Just in time for Mother's Day —
70 jewelers have pledged not to use dirty gold
Washington, D.C, 6 May 2010 — Four jewelry companies today announced their concern over destructive gold mining, and their support for cleaner sources of gold and precious metals. Just in time for Mother's Day, Robbins Brothers, Meghan Connolly Haupt, D.NEA, and Bario Neal have joined the nation's leading jewelry companies in signing the No Dirty Gold campaign's Golden Rules for responsible sourcing of precious metals.
The list of Golden Rules signatories now includes 70 jewelry companies representing over $14 billion in annual US jewelry sales, or nearly a quarter of total U.S. jewelry sales.
“We fully support the 'No Dirty Gold' campaign efforts to ensure that our customers' gift of gold purely symbolizes love and commitment, and is not tainted by either human rights violations or irresponsible mining practices,” stated Andy Heyneman, President and CEO of California-based Robbins Brothers.
Mother's Day is one of the top jewelry-giving holidays of the year, and jewelers are increasingly realizing that jewelry customers are concerned about the devastating effect of gold mining on communities and the environment. The production of one gold ring generates an average of 20 tons of mine waste. Gold mining has been linked to conflict and human rights violations, forest destruction, toxic pollution, and loss of lands and livelihoods.
The Golden Rules call on mining companies to meet basic social and environmental standards, including respect for human rights, protection of fragile ecosystems, and refraining for dumping and contaminating water and soil.
“Thanks to these jewelers, customers can choose to support companies that have taken a stand against irresponsible mining,” said Scott Cardiff of EARTHWORKS' No Dirty Gold campaign.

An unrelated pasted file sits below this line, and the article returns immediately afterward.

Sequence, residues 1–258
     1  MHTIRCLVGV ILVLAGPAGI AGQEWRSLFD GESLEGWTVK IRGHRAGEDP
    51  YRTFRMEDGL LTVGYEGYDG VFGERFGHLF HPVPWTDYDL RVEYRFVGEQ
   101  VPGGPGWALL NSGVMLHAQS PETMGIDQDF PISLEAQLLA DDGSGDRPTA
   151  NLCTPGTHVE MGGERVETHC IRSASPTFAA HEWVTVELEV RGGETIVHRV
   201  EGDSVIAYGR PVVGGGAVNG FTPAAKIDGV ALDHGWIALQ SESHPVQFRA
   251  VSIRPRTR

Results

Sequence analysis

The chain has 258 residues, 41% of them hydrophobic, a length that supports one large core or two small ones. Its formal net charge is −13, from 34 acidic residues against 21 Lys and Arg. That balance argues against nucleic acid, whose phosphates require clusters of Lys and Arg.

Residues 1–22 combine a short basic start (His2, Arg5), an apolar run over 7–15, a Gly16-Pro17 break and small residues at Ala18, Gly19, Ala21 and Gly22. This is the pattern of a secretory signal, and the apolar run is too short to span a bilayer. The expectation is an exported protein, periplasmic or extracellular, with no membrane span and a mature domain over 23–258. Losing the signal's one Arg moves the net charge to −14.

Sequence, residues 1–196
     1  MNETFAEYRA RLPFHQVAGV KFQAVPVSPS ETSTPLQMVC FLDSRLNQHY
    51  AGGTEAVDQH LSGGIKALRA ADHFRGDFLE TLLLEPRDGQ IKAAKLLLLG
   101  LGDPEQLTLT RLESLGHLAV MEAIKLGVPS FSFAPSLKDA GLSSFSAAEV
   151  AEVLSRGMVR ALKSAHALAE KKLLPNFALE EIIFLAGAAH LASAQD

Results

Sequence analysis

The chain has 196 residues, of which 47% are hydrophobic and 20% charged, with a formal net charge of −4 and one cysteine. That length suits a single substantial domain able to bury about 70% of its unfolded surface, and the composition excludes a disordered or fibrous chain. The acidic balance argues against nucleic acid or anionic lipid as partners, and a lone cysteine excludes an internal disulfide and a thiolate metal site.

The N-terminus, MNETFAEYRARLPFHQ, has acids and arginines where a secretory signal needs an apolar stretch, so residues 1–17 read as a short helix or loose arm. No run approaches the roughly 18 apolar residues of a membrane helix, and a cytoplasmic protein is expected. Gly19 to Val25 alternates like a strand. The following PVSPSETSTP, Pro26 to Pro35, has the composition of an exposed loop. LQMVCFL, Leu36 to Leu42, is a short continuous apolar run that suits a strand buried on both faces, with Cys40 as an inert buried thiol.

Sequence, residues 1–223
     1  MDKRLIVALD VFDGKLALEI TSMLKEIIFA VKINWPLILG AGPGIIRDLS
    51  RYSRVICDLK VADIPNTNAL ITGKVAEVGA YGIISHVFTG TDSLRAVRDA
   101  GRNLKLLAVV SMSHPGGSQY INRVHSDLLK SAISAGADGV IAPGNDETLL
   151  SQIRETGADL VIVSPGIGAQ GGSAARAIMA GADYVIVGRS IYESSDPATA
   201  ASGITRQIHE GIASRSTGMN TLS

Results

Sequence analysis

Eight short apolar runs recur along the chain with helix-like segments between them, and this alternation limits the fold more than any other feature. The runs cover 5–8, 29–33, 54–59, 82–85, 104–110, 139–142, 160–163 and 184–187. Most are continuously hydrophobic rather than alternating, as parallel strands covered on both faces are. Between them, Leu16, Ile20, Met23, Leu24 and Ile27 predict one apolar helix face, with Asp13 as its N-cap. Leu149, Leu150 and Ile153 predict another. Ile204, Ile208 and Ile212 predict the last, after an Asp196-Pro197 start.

The jewelry companies have signed on to the Golden Rules at a time when mining companies are continuing to push irresponsible mining projects that will impact mothers and community members all over the world. Newmont's Akyem mine would displace thousands of people and destroy a quarter of the forest left in a tropical forest Reserve in Ghana. Infinito Gold's Crucitas planned mine has already destroyed tropical forest and would threaten waterways in Costa Rica and Nicaragua. And Anglo American and Northern Dynasty's Pebble project in Alaska would threaten fishing livelihoods in one of the world's last great salmon fisheries.
EARTHWORKS and partners from around the world launched the “No Dirty Gold” campaign in 2004 to educate and motivate consumers and jewelry retailers to push the mining industry towards more responsible practices. Since then, over 70 jewelry companies have committed to switching to cleaner gold sources when available, and more than 100,000 consumers have joined the effort.
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